As precedence was available with MQM-PSP romance to contest Election on the same platform with joint Election Symbol but the romance didn’t last long with PSP leader Mustafa Kamal spilt beans regarding Establishment role for Merger or coalition to keep PPP, PML-N out of Mainstream Politics. It is also expected that there may be coalition Government as No party will have any clear majority to form their Government in the centre or at Province, given their weak political Organization and Activities especially, several forward Blocks are likely to be formed in PML-N and PPP. As per vote bank, PTI has climbed the 2nd Position as per recent by-election results.

Whatever, result or outcome of Panama papers or NAB References against Shareef Family should  be , But it is clear that PML–N may not form a government in Upcoming Elections Except they may clinch some seats in Punjab, given the Development Projects Initiated by Punjab Chief Minister Shahbaz Sharif.

Unfortunately, the sword of Disqualification looms upon him due to Model Town Massacre Case and the decision may go against him as Awami Tehreek Leader, Tahir ul-Qadri has announced to hold Protests and Sit-ins Dharnas until the resignation of Punjab CM and Law Minister Rana Sanuallah. Let’s wait and see what happens next but people opine with the uncertainty that the Election on time, will be distant dream owing to prevailing Political Scenario and preparation.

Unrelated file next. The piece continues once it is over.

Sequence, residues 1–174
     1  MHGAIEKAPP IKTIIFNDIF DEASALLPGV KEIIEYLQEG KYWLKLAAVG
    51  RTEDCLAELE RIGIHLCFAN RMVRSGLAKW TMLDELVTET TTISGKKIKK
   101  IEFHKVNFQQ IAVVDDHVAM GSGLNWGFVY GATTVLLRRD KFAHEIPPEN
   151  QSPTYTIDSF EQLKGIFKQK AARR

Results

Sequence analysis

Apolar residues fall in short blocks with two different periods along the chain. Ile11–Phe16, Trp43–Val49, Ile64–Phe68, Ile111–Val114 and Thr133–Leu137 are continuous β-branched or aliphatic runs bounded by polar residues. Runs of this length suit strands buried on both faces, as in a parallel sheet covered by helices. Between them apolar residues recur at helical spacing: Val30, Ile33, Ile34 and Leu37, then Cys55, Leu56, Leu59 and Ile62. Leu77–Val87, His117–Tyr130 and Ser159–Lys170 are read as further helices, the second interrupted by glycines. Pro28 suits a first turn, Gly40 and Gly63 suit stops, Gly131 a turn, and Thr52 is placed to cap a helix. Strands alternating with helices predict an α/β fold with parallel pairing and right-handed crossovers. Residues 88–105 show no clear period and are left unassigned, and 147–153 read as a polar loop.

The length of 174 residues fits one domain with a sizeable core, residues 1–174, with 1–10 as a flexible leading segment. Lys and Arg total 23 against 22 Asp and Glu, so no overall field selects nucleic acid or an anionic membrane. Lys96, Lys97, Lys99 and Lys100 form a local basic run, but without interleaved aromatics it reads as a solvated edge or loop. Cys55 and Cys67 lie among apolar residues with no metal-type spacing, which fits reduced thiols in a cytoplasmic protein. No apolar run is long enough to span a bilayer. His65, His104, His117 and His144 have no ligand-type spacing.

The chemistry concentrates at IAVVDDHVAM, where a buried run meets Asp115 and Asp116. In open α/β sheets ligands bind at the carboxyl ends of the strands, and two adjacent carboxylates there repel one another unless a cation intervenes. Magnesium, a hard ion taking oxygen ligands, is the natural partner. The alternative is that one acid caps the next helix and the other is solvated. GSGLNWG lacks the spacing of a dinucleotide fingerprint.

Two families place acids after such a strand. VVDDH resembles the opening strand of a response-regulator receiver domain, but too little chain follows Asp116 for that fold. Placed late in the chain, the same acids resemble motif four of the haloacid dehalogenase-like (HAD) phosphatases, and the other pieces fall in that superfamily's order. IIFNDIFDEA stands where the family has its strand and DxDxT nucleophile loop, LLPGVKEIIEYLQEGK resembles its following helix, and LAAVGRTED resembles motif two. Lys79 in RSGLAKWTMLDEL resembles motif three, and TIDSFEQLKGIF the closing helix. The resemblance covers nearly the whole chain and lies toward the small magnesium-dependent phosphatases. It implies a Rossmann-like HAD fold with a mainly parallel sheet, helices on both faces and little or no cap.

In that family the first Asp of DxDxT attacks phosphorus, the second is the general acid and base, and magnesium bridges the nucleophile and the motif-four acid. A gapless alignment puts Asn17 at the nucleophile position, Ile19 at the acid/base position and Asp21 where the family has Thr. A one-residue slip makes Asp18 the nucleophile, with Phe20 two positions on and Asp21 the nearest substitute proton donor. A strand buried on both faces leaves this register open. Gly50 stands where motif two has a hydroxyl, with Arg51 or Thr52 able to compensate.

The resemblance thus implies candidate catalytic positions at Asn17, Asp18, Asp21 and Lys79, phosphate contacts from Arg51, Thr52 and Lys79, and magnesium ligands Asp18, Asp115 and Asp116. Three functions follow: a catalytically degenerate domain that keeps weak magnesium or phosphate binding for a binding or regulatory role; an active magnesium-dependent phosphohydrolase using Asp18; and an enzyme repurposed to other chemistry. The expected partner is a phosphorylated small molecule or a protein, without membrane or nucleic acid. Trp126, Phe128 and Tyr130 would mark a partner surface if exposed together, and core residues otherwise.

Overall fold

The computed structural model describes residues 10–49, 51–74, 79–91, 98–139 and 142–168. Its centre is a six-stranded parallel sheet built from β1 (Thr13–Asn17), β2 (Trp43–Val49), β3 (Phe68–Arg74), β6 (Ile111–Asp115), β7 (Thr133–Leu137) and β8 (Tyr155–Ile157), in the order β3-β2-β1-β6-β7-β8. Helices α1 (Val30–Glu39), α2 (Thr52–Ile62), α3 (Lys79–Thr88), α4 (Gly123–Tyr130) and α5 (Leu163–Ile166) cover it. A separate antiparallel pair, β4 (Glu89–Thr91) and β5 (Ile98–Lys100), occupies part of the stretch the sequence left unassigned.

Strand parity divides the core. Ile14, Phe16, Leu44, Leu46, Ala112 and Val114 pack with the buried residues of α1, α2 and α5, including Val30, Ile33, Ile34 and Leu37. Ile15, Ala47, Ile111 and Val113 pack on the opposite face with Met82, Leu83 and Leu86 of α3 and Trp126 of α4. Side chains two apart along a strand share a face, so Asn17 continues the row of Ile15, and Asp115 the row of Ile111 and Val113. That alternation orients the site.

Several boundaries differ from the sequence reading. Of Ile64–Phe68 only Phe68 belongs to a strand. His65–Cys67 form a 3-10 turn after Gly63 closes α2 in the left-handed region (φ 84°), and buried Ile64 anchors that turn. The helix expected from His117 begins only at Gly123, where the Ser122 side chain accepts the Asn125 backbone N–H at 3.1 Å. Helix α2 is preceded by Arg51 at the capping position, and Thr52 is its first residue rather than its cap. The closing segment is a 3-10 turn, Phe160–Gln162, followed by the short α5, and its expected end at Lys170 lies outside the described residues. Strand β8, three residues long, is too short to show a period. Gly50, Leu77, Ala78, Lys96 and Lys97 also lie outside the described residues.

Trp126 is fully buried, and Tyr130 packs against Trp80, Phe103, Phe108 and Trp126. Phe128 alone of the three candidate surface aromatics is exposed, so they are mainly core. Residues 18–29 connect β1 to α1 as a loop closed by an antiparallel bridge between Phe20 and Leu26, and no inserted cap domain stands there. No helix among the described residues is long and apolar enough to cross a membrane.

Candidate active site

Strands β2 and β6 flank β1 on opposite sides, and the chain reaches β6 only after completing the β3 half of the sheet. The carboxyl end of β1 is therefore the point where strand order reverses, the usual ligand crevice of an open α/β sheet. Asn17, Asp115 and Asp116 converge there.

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Parliamentary System vs Presidential System: What’s Better for Pakistan?

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Introduction

The failure of the parliamentary system in the country has raised concerns regarding its effectiveness. The populace is divided between the pros and cons of transitioning to a presidential form of governance yet again after the pathetic display of the politicians in the Parliament over the budget proposals. The overarching concern, in either case, is for the delivery of democracy and good governance to the grassroots level.

Bad governance has been construed as a seminal issue in Pakistan. So much so that the country’s populace has been deliberating over Pakistan’s parliamentary system vs a possible presidential system. The country, through history, has experienced different kinds of governments; from democracy to military dictatorship, to civilian martial law by Zulfiqar Ali Bhutto.

Pakistan inherited its current government system, the parliamentary form of government, from its former colonial rulers, the British. Ironically, while the parliamentary system has been successful for governance in the latter, the case for Pakistan is on the contrary.

The failure of the parliamentary system in the country has raised many reservations. Does a single solution of a parliamentary form of government resolve all problems? Considering the varying demography, culture, and history of both countries, how can one size be fit for all? Recently, a debate on transitioning to the presidential system has surfaced on social media. The population is divided between the pros and cons of each form of the governing system.